And for once I was SuperMom

Thursday, September 13, 2012


I sat in the corner, computer on lap, busily typing away, trying to wrap my mind around story lines or articles, trying to say important things.  My mind kept fogging, I begin to think that iced latte didn’t really make a dent.  An elderly gentleman comes in the coffee shop.  His slow cane aided shuffle leads him to the only open chair in the coffee shop.  He plunks down, old bones sinking into leather comfort.
I’m watching him from over his shoulder, he removes his white cap, his fleece coat reminds me of a horse blanket, I think to myself,
‘He’s not to go to buy coffee,’ and indeed he doesn’t.  He just sits.  For about forty five minutes and then he leaves the shop.  I wonder what he thinks about this all.  There are people all around him tapping on phones and computers.  One woman studying Equine medicine, another studying nursing, and the rest of us staring intently into screens, I’m sure we all think that we are important.  The line at the counter grows long and short, long and short.  Girls in too tight shorts, older women in comfy shoes, men hair gelled on a break from work.  Busy people, busy lives.
I wonder what he thinks about this all.                          
This man in the white cap and horse blanket coat.  Surely he has seen it.  All of it. 
I wonder what he thinks about this all.
Is the buy-ness worth it?  Are the computers silly?  Is the coffee worth four dollars?  Are we all as important as we think we are?
His white cap looks expensive.  His too big coat too hot for the early fall weather.  I wonder who he is.  What he’s seen.  I don’t disturb him, because I’m busily tapping away on my computer, staring at my screen, trying to say important things.  And that is not our way, Americans don’t talk to strangers.  Especially not New Englanders.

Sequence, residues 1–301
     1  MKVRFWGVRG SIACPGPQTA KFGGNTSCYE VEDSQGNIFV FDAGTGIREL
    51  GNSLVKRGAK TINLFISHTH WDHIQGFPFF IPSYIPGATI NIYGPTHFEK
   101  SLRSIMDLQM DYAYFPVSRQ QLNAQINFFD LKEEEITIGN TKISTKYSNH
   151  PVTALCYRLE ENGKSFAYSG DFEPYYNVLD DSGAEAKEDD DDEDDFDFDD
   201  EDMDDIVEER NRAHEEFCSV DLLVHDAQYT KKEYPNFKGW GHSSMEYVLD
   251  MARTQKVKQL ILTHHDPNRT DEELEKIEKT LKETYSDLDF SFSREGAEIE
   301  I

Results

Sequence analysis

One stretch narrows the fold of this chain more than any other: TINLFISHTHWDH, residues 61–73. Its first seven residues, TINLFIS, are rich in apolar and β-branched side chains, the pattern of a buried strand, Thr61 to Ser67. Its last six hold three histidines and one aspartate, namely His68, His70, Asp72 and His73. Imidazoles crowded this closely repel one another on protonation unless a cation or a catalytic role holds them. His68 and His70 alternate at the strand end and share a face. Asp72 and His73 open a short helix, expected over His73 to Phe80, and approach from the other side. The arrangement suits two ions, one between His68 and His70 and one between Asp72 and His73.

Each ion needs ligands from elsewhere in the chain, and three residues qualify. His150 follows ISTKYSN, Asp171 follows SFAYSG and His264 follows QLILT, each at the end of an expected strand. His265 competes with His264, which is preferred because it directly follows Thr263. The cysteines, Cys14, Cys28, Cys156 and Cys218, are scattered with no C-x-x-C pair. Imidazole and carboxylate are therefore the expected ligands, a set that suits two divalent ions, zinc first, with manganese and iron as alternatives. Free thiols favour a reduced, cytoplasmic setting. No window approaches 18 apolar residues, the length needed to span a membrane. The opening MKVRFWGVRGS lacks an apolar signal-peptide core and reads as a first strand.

I look at the other people in the shop, no one talks to each other, stand in line alone, sit alone, and drink alone.  Do we all want to be alone? 
Right now, I do.  I think of the hungry need awaiting me at home.  Then I think, ‘wouldn’t I rather have it that way?’  To go back to a home full of people who need me and love me?  Rather than to an empty home.
A man takes a break from his computer to ask me if I can get on the internet, I tell him I don’t even try.  I’ve retreated to this shop to write, to take a break from the wasteland of the internet.  An attitude that I have that I have realized is rare, the need to unplug, to stop ingesting.  The need to rest, and the need to create, to push out the thoughts in my mind rather than watch viral videos or read the opinions of people who think themselves important.
I wonder about that man again, does he go home to a house full of people?  Or does he come here just to see people?  Why do we end up alone when we’re old?  How does that happen?
Maybe I need to enjoy this time of life, the little ones that cling, the little ones that need.  Several times in the past few days I have thought, ‘I can see how people get addicted to this.’  How they have baby after baby.  In some ways it’s nice to be needed, to supersede yourself into their needs, to forget your own ambition because there are dishes to be washed and tables to be dusted.  I hold onto personal ambition, it would be so simple to let go.
I want to ask that man, what have you learned?  What’s important?  Are we important?  Are the babies important? 
I wonder what he thinks of all this?

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